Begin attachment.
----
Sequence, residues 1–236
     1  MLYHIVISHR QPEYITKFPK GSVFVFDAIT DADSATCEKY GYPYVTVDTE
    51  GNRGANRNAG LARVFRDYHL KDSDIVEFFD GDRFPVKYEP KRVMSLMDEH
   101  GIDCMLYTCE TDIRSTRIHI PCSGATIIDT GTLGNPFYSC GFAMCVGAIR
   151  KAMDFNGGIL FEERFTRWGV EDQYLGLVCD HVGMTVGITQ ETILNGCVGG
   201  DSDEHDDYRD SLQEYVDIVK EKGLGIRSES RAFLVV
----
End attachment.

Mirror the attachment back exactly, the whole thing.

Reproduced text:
Sequence, residues 1–236
     1  MLYHIVISHR QPEYITKFPK GSVFVFDAIT DADSATCEKY GYPYVTVDTE
    51  GNRGANRNAG LARVFRDYHL KDSDIVEFFD GDRFPVKYEP KRVMSLMDEH
   101  GIDCMLYTCE TDIRSTRIHI PCSGATIIDT GTLGNPFYSC GFAMCVGAIR
   151  KAMDFNGGIL FEERFTRWGV EDQYLGLVCD HVGMTVGITQ ETILNGCVGG
   201  DSDEHDDYRD SLQEYVDIVK EKGLGIRSES RAFLVV